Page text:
The Rocconi Nature Reserve covers more than 371 hectares of the top the Albegna Valley, across the municipalities of Semproniano and Roccalbegna, in addition to a neighbouring area of 253 hectares, as well as 130 hectares of the WWF Oasi. The landscape is formed of an irregular and varying geomorphology characterized by hills and mountains of varying altitudes reaching 500m in the north and 200m in the south, marked by the Fosso Paradisone: from its top rock face thickset in limestone to the Albegna and Rigo rivers that run along its base, as well as several caves and caverns set into the right slope, notably the Crepaccio di Rocconi, to the south face, where the mountain softens and recedes into the well-preserved countryside of the Maremmamo region.
Woodland covers both the north and south parts of the reserve. On the north side, a forest dominates the area between the Albegna and Rigo rivers, vaunting species of downy oak, Turkey oak, ash, hornbeam, maple, pear, apple, cherry, rowan and Holly oak, which extends onto the west bank of the rivers. Flowering shrubs and riparian wood dot the pebbly riverbed of the Albegna. The south side is characterized by olive groves, pasture, meadow, and small plots of overgrown arable land interspersed by dense hawthorn, blackberry, plum, elm and dogwood hedges, that play an essential role for the wild fauna. Also of particular interest is the correlation of rock-growing vegetation and the impressive variety of orchids that pop up.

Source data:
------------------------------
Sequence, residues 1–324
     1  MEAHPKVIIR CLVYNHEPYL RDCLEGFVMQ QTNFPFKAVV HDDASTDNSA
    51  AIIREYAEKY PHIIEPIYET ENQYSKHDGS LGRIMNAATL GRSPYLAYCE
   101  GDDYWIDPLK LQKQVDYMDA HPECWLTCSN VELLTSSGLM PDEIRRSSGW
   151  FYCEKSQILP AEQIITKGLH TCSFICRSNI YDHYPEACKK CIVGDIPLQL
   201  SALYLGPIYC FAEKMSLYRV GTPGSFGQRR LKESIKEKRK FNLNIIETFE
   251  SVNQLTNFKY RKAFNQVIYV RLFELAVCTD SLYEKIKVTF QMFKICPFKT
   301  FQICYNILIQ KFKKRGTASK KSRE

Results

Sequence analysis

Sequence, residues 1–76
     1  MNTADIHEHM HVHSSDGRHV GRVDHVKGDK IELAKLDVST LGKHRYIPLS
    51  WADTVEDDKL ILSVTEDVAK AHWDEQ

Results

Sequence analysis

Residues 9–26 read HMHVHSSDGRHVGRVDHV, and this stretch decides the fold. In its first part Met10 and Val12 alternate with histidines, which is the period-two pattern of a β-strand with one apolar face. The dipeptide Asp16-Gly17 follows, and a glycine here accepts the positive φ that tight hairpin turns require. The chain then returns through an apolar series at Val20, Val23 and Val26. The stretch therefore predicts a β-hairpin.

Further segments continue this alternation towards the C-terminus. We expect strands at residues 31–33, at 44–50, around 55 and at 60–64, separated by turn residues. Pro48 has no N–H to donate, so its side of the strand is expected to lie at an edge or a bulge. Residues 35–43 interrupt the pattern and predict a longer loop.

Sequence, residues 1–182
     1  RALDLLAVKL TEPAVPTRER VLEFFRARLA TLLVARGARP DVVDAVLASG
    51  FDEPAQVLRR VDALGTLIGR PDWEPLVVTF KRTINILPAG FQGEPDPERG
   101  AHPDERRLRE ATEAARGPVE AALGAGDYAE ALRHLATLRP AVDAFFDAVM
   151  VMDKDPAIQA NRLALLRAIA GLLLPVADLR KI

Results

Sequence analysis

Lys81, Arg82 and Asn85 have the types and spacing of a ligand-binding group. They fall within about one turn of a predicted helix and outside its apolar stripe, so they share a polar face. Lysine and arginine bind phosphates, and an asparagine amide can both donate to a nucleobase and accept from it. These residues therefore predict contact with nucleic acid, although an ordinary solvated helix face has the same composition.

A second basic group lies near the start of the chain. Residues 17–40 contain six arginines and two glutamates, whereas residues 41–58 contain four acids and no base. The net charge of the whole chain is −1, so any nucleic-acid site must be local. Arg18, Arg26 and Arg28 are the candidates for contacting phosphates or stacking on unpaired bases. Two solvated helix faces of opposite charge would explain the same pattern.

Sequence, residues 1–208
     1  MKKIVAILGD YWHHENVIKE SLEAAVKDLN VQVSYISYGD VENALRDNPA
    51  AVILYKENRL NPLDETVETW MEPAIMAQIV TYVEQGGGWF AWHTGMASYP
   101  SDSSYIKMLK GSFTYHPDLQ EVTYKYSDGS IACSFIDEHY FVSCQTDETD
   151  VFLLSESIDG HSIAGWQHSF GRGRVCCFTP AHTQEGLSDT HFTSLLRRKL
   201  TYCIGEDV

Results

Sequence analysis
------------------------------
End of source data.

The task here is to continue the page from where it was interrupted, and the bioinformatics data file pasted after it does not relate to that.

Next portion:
Rare day-time birds of prey, such as the short-toed eagle and the lanner falcon, species on high priority with the EEC due to their decline in Europe, are exclusively found here. Other important animals include the Hermann tortoise and other reptiles, like the four-lined snake, whip snake, water snake, common viper and a species of coronella girondica, as well as other mammals including wildcats, martens, badgers, and occasionally wolves and otters.
The most interesting aspect of the wildlife in Rocconi is above all the birds. A multitude of species on the “European Red List of birds” are present and protected by the Berne Convention, including the Montagu’s harrier, scops owl, woodchat shrike, European honey buzzard, Northern long-eared owl, Common kingfisher, European green woodpecker and the white-throated dipper.